Student Response:
2008.487.45 Edouard Vuillard Monsieur Bute, 1890, photo-relief with watercolor stenciling Author: Ian Nicholl Nabi artist Edouard Vuillard creates an engaging and puzzling print in the form of Monsieur Bute, a program for a play at the Theatre Libre founded by Andre Antoine. This work offers a simple and initially serene depiction of a field planted by a worker, absent of many figures, save for that of the man and a tree. Though rather uncomplicated in terms of substance, the lithograph translates far more in terms of relevance to French life at the turn of the century. Monsieur Bute comes at a pivotal junction between politics and the arts, a period in which censorship dictated what was allowed for public consumption, and what would be stifled for sake of avoiding litigious commentary. Antoine and other directors of the time fought constant battles of censorship, most prominently on productions that illuminated the darker side of human nature. Ultimately, they became freed of this burden when the state terminated the censoring of theatre in 1904. The arrival of Nabi directors such as Antoine and others marked a shift in theatre in fin-de-siècle Paris and ushered in a new age of theatre in which the content of their plays portrayed emerging social issues, enhanced further by deliberate methods of production. The emergence of these shows forged a platform where widespread struggles became polarized in the eyes of the audience. Vuillard and other symbolist artists worked jointly with directors as they created subjects of discussion with their theatrical presentations, in turn providing the artists an arena to push the boundaries of modern morals and critique the grievances of Parisian society. The employment of soft, muted colors and unique line shapes, the detached nature of the man, the inexorable breadth of the field, all these elements build a space for Vuillard to portray the battle of the lower classes. While the contents and methods that produce Monsieur Bute appear simplistic and direct, the scene contains tremendous depth; A laborer with steadfast focus on his toils, hands dirtied, and body worn and weathered. The whole composition is raw, gritty, and is a presentation of life that sought to trigger discomfort among Parisian theatre-goers. Emerging to many was the struggle of poverty, the loneliness of societal abandonment, and the challenging of long held morals and values. Purposeful naivety became a principle often entrenched in Vuillard’s work. Straying away from calculated complexities of academic art of the past granted him the opportunity to form such brutally honest pieces as that of Monsieur Bute.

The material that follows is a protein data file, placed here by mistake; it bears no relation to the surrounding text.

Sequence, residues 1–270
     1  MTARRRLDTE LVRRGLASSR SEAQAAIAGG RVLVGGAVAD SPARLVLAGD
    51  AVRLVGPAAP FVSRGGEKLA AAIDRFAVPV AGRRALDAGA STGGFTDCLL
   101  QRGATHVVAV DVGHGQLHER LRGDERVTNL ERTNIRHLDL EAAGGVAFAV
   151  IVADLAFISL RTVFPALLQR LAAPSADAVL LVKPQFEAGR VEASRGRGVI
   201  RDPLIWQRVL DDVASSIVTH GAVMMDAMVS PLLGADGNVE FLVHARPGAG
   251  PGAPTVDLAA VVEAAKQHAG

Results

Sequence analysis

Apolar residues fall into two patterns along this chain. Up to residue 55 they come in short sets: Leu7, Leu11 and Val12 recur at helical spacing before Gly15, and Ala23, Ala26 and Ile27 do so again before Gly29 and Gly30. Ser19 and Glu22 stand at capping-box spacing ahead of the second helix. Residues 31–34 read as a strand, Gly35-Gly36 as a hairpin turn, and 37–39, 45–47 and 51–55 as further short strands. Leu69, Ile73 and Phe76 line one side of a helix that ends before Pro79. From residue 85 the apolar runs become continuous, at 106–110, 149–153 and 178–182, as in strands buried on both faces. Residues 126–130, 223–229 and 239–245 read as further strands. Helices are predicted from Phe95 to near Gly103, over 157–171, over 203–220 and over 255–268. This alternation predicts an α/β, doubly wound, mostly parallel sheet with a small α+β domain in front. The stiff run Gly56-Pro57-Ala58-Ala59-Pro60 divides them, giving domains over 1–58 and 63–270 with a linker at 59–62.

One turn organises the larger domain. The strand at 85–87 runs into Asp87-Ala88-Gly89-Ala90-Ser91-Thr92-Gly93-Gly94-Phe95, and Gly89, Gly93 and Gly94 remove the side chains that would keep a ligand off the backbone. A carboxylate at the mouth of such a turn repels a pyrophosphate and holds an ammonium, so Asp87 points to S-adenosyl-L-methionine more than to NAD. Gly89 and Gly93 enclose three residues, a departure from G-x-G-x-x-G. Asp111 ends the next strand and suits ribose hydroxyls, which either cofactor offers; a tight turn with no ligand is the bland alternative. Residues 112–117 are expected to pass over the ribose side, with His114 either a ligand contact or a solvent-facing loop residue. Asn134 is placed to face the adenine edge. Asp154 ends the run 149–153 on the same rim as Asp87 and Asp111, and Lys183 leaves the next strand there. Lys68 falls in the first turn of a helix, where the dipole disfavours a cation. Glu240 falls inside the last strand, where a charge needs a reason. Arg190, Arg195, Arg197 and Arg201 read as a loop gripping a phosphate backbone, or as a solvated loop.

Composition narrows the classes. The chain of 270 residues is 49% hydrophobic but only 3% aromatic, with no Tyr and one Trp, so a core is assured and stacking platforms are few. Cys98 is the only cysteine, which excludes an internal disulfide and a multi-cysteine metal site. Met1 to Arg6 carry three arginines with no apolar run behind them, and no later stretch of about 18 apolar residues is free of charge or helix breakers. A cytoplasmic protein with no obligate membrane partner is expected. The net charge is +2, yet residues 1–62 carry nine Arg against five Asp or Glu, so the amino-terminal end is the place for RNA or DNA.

Current Location:
Cabinet F -> Drawer 11 (F)
Location Notes:
PDC; Cabinet F; Drawer 11

Robert L. Hoskins and Erwin A. Raible Collection of Fin de Siécle French Prints, Gift of Elaine Rutowski Shay ➔ Monsieur Bute

Artwork
Medium:
Photo-Relief with Watercolor Stenciling
Date:
1890
Dimensions:
Artworks - Height: 7.35 in Width: 6.5 in
Note: Paper size: 8.5"h x 7.75"w Mat: 20"h x 16"w
Description:
On recto pastel yellow, grey, blue, pink image. Man bending down to feet. White hair, yellow background with scribbles, text "Theare Libre" on right side. Black outlines. On verso black program text, titled, "Deuxieme Spectacle." Pink, black, red face in upper left hand corner 1 3/8in from the left and 3/4in from top edge. Pencil markings in bottom right corner with Erve Raible stamp.
Library of Congress Subjects:
France--History--19th century